London, 6 May 2021 – Hikma Pharmaceuticals PLC (Hikma), the multinational pharmaceutical company, has launched Dexmedetomidine Hydrochloride in 0.9% Sodium Chloride Injection, 200mcg/50mL & 400mcg/100mL, in the US, through its US affiliate, Hikma Pharmaceuticals USA Inc.
6 May 2021
Product, Press Release
Dexmedetomidine Hydrochloride in 0.9% Sodium Chloride Injection is indicated for the sedation of initially intubated and mechanically ventilated patients during treatment in an intensive care setting and of non-intubated patients prior to and/or during surgical and other procedures.
According to IQVIA, US sales of Dexmedetomidine Hydrochloride in 0.9% Sodium Chloride Injection, 50mL and 100mL, were approximately $232 million in the 12 months ending March 2021.
Riad Mishlawi, President of Injectables said, “We are pleased to add Dexmedetomidine Hydrochloride Injection to our US portfolio. At Hikma, we are committed to putting better health within reach every day. This ready-to-administer bag, demonstrates our commitment to developing products that respond to the needs of our patients and the hospitals we support.”
Hikma is the third largest US supplier of generic injectable medicines by volume, with a growing portfolio of over 100 products. Today one in every six injectable generic medicines used in US hospitals is a Hikma product.
Important Safety Information for Dexmedetomidine Hydrochloride in 0.9% Sodium Chloride Injection 200mcg/50mL & 400mcg/100mL:
DRUG ABUSE AND DEPENDENCE
Dexmedetomidine hydrochloride injection is not a controlled substance.
The dependence potential of dexmedetomidine hydrochloride has not been studied in humans. However, since studies in rodents and primates have demonstrated that dexmedetomidine hydrochloride exhibits pharmacologic actions similar to those of clonidine, it is possible that dexmedetomidine hydrochloride may produce a clonidine-like withdrawal syndrome upon abrupt discontinuation.
WARNINGS & PRECAUTIONS
- Drug Administration: dexmedetomidine hydrochloride should be administered only by persons skilled in the management of patients in the operating room setting. Due to the known pharmacological effects of dexmedetomidine hydrochloride, patients should be continuously monitored while receiving dexmedetomidine hydrochloride.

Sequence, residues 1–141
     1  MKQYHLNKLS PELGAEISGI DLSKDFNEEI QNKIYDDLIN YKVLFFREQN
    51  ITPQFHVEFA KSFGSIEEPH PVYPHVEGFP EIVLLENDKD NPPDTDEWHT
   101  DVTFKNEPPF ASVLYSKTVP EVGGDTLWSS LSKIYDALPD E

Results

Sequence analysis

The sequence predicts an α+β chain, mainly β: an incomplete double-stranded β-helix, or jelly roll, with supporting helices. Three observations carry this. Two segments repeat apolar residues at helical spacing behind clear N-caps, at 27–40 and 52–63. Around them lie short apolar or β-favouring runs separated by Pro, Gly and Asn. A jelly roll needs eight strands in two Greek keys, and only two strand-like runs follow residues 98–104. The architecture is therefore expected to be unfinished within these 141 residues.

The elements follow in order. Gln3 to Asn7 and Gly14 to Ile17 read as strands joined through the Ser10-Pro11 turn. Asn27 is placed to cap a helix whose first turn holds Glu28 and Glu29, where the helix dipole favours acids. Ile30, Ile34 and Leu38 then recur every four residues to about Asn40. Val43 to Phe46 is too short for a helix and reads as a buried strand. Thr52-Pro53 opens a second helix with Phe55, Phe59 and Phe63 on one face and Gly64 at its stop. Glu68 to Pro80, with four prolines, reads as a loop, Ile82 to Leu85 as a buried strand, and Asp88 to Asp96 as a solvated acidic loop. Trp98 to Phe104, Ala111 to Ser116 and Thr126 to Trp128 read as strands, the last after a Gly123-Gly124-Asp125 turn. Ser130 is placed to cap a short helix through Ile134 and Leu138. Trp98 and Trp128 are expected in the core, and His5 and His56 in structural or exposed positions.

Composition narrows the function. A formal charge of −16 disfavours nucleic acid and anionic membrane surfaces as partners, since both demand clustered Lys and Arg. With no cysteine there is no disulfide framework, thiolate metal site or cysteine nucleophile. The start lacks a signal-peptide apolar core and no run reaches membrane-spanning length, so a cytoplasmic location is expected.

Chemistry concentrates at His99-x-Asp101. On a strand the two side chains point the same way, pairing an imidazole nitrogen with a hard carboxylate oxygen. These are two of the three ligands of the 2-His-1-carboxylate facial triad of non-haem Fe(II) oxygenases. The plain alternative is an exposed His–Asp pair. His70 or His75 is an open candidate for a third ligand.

- Hypotension, Bradycardia, and Sinus Arrest: clinically significant episodes of bradycardia and sinus arrest have been reported with dexmedetomidine hydrochloride administration in young, healthy adult volunteers with high vagal tone or with different routes of administration including rapid intravenous or bolus
Reports of hypotension and bradycardia have been associated with dexmedetomidine hydrochloride infusion. Some of these cases have resulted in fatalities.
Caution should be exercised when administering dexmedetomidine hydrochloride to patients with advanced heart block and/or severe ventricular dysfunction. Because dexmedetomidine hydrochloride decreases sympathetic nervous system activity, hypotension and/or bradycardia may be expected to be more pronounced in patients with hypovolemia, diabetes mellitus, or chronic hypertension and in elderly patients.
In clinical trials where other vasodilators or negative chronotropic agents were co-administered with Dexmedetomidine hydrochloride an additive pharmacodynamic effect was not observed. Nonetheless, caution should be used when such agents are administered concomitantly with dexmedetomidine hydrochloride.
- Transient Hypertension: transient hypertension has been observed primarily during the loading dose in association with the initial peripheral vasoconstrictive effects of dexmedetomidine hydrochloride.
- Arousability: some patients receiving dexmedetomidine hydrochloride have been observed to be arousable and alert when stimulated. This alone should not be considered as evidence of lack of efficacy in the absence of other clinical signs and symptoms.
- Withdrawal: in adult subjects, withdrawal symptoms were not seen after discontinuation of short-term infusions of dexmedetomidine hydrochloride (<6 hours).
- Tolerance and Tachyphylaxis: use of dexmedetomidine beyond 24 hours has been associated with tolerance and tachyphylaxis and a dose-related increase in adverse reactions.
- Hepatic Impairment: since dexmedetomidine hydrochloride clearance decreases with severity of hepatic impairment, dose reduction should be considered in patients with impaired hepatic function.
The most common adverse reactions (incidence greater than 2%) are hypotension, bradycardia, and dry mouth.
Adverse reactions associated with infusions greater than 24 hours in duration include ARDS (acute respiratory distress syndrome), respiratory failure, and agitation.
Use of dexmedetomidine hydrochloride has been associated with the following serious adverse reactions:
- Hypotension, bradycardia and sinus arrest
- Transient hypertension
Adverse reaction information is derived from the two trials for procedural sedation in which 318 adult patients received dexmedetomidine hydrochloride. The following adverse reactions were reported: hypotension (54%), respiratory depression (37%), bradycardia (14%), hypertension (13%), tachycardia (5%), nausea (3%), dry mouth (3%), hypoxia (2%), and bradypnea (2%).
The following post approval adverse reactions have been reported: